Like most businesses, if you operate a general partnership you’ll need to register with HMRC. Partnerships are a bit different to some businesses though, because as well as registering the partnership itself as an entity, each partner will also need to register.
A partnership is a type of business structure which allows a group of people and organisations to work together whilst sharing all of the responsibility. Partners can be individuals, companies, other partnerships, or even a combination. In that respect, setting up a partnership can be particularly useful for a group of businesses that want to collaborate on something.
How do I set up a business partnership?
Anyone can set up a partnership, and it’s fairly straightforward to do. The partnership must appoint a ‘nominated partner’ who is responsible for the partnership’s record keeping, as well as any paperwork or forms. They’ll also be responsible for registering the partnership with HMRC.
Registering a partnership with HMRC
You can register a partnership online using a Government Gateway ID to sign in to the online service. If you already have one for a different business, it’s usually a good idea to create a separate Gateway account for the partnership to avoid any mix-ups! If you can’t register online, you can use an SA400 form to register through the post instead.
You’ll need to confirm:
The partnership’s name (either your own names or one that you choose)
The nominated partner
The nature of the business
A business address
The details of each partner
When do I need to register the partnership?
To avoid any penalties, the nominated partner must register the partnership before 5th October in the business’s second tax year.
The partnership started in February 2023, so its first tax year was 2022/23 (6th April 2022 to 5th April 2023).
This means its second tax year is 2023/24 (6th April 2023 to 5th April 2024), so the partnership must register with HMRC before 5th October 2023.
Any individual partners must also register by the same deadline.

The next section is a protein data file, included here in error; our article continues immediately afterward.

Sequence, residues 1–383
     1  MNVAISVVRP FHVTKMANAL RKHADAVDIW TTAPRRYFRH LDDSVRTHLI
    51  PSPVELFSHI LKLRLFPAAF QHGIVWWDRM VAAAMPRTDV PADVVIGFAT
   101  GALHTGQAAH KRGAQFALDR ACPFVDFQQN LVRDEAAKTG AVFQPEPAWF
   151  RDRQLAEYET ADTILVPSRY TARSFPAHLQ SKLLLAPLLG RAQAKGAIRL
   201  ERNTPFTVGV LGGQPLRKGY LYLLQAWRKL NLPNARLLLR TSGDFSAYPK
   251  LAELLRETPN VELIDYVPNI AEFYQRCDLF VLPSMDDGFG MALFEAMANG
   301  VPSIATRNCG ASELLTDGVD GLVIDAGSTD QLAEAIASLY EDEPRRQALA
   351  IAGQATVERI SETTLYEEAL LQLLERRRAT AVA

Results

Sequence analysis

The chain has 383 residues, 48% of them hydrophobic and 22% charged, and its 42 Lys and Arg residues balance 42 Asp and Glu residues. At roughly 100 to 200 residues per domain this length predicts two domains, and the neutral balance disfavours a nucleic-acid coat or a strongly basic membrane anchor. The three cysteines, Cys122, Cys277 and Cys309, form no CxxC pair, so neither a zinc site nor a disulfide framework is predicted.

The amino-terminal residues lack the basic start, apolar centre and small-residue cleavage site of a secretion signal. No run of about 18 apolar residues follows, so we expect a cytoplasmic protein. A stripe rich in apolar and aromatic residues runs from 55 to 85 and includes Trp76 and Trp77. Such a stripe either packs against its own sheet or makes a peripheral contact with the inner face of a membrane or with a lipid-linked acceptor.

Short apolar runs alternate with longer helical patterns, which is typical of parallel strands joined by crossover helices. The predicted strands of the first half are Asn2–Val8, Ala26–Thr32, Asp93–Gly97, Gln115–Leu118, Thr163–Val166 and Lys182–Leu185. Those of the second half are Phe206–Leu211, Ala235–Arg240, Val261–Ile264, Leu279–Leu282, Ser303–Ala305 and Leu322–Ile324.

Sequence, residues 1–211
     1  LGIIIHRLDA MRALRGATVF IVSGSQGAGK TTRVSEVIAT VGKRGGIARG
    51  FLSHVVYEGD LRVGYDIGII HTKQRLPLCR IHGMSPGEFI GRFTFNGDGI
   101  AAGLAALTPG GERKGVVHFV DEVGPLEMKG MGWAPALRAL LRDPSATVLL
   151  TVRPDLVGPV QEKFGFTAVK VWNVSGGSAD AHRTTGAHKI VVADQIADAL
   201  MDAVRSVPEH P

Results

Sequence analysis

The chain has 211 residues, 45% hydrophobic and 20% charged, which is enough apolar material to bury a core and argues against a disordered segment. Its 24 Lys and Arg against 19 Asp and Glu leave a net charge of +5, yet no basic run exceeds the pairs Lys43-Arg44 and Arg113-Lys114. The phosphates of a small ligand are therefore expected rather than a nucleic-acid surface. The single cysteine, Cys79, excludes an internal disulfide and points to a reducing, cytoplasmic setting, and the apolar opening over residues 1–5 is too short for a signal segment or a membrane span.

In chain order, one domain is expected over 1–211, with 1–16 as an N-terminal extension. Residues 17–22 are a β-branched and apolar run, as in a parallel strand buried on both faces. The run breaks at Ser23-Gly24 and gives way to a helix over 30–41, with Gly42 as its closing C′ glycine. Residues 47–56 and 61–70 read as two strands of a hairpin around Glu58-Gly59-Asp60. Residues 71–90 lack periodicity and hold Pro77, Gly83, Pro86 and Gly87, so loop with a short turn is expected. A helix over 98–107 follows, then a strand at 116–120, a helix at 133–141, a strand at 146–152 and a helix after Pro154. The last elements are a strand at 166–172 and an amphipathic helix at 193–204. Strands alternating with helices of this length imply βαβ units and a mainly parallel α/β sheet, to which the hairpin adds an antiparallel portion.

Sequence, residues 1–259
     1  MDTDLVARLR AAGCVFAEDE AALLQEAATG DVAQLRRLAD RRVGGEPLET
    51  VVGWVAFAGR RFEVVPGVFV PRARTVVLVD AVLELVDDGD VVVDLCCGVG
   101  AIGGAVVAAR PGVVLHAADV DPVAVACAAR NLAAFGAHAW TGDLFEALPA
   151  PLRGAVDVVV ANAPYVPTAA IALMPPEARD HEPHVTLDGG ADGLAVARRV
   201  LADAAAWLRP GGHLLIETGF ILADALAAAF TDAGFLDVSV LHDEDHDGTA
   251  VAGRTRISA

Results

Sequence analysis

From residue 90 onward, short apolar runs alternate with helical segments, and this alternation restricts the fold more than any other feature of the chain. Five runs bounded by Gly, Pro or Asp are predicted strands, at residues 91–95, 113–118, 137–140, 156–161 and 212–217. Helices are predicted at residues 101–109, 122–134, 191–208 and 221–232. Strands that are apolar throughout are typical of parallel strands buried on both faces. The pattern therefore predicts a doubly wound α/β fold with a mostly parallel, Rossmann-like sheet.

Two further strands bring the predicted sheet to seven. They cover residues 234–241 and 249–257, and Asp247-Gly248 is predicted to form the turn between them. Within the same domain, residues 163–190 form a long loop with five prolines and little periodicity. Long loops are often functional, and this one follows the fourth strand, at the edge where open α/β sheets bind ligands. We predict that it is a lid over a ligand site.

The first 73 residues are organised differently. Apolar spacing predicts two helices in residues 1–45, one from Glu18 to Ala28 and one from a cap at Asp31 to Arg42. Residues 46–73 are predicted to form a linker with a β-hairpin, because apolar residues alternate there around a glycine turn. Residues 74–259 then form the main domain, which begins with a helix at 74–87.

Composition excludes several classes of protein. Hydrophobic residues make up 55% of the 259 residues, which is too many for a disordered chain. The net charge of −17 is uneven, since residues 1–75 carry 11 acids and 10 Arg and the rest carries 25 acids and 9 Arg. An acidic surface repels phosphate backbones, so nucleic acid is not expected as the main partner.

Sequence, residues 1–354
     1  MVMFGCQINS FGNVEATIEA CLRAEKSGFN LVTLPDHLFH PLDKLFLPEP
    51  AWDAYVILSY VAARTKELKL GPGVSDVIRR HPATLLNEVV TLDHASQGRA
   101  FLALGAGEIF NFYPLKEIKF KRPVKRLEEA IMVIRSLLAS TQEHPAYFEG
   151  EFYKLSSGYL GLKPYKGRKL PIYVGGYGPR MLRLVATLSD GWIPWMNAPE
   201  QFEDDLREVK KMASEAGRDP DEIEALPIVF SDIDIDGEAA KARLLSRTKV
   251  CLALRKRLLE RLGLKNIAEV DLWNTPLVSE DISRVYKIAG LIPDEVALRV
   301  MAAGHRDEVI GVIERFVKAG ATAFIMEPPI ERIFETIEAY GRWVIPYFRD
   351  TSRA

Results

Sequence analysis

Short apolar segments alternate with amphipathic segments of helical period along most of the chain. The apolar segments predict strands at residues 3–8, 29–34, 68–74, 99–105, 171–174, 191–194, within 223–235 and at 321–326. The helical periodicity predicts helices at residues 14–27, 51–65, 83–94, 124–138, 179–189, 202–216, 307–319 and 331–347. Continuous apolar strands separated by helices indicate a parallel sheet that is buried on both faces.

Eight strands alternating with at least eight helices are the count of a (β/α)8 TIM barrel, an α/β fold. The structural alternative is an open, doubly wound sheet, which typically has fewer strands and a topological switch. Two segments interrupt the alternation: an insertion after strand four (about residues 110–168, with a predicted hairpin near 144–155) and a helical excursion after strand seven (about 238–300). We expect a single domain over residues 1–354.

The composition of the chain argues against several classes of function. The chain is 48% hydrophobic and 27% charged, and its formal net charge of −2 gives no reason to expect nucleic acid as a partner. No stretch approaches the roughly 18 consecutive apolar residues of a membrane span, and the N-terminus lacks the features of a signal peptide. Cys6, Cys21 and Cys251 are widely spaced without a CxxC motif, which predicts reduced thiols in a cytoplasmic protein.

Do the partners register separately in a partnership?
Yes. As well as registering the partnership itself, each partner must register with HMRC too. Even if they’re already somewhere on HMRC’s books, they’ll need to confirm that they’re also now a partner in this particular partnership. They’ll each be responsible for their own tax returns and paying their own tax and National Insurance.
The UTR number identifies the partnership’s tax records in its own right and will be different to the UTR for any partners, so keep it safe! The nominated partner (or your accountant if you use one) will need this to submit Self Assessment tax returns for the partnership.
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Paying tax in a partnership
Even though partnerships must submit Self Assessment tax returns as an entity, they don’t actually pay tax on the profits that they make. Instead, each partner will pay tax based on their share of the profits.
It’s not mandatory, but it’s a very good idea! The partners in the partnership can draw up a legally binding document called a deed, which sets out the rights, responsibilities, and duties of each partner. This can include how the partnership should be run, as well as how to share any profits.
What are the partners responsible for?
All of the partners have a responsibility to make sure that the partnership meets its mandatory reporting requirements (such as tax returns) on time, even if they’re not the nominated partner.
For everything else, partners normally share the running of the business, together with any profits or losses made by the partnership. However, this may depend on the type of partner, and whether they have drawn up a ‘deed of partnership’.
General partners usually share all responsibilities of a partnership business, including investment in the business, management, and profits and losses, but their personal assets may be at risk if anything goes wrong.
Partners who are limited are only responsible for debt which is equal to the amount of their initial investment or less
A sleeping partner will make an investment into the business and will usually take a share of any profits, but doesn’t have a say in the running of the partnership.